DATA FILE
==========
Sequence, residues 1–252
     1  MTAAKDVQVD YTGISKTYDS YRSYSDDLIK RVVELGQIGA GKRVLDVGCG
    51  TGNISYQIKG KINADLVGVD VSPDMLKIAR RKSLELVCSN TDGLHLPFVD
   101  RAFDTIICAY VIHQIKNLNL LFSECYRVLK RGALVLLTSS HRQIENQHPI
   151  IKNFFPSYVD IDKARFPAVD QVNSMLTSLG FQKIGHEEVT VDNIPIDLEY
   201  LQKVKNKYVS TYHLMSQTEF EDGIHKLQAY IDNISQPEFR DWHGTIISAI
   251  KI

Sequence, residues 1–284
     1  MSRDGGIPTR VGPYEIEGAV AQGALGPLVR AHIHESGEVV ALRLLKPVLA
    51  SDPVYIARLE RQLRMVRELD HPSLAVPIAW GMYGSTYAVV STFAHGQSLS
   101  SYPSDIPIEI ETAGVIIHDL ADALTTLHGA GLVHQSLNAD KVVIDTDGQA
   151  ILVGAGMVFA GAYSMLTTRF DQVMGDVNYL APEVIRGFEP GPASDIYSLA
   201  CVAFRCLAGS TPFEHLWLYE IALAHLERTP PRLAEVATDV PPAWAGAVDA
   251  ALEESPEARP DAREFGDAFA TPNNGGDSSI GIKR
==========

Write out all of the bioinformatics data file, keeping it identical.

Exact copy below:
Sequence, residues 1–252
     1  MTAAKDVQVD YTGISKTYDS YRSYSDDLIK RVVELGQIGA GKRVLDVGCG
    51  TGNISYQIKG KINADLVGVD VSPDMLKIAR RKSLELVCSN TDGLHLPFVD
   101  RAFDTIICAY VIHQIKNLNL LFSECYRVLK RGALVLLTSS HRQIENQHPI
   151  IKNFFPSYVD IDKARFPAVD QVNSMLTSLG FQKIGHEEVT VDNIPIDLEY
   201  LQKVKNKYVS TYHLMSQTEF EDGIHKLQAY IDNISQPEFR DWHGTIISAI
   251  KI

Sequence, residues 1–284
     1  MSRDGGIPTR VGPYEIEGAV AQGALGPLVR AHIHESGEVV ALRLLKPVLA
    51  SDPVYIARLE RQLRMVRELD HPSLAVPIAW GMYGSTYAVV STFAHGQSLS
   101  SYPSDIPIEI ETAGVIIHDL ADALTTLHGA GLVHQSLNAD KVVIDTDGQA
   151  ILVGAGMVFA GAYSMLTTRF DQVMGDVNYL APEVIRGFEP GPASDIYSLA
   201  CVAFRCLAGS TPFEHLWLYE IALAHLERTP PRLAEVATDV PPAWAGAVDA
   251  ALEESPEARP DAREFGDAFA TPNNGGDSSI GIKR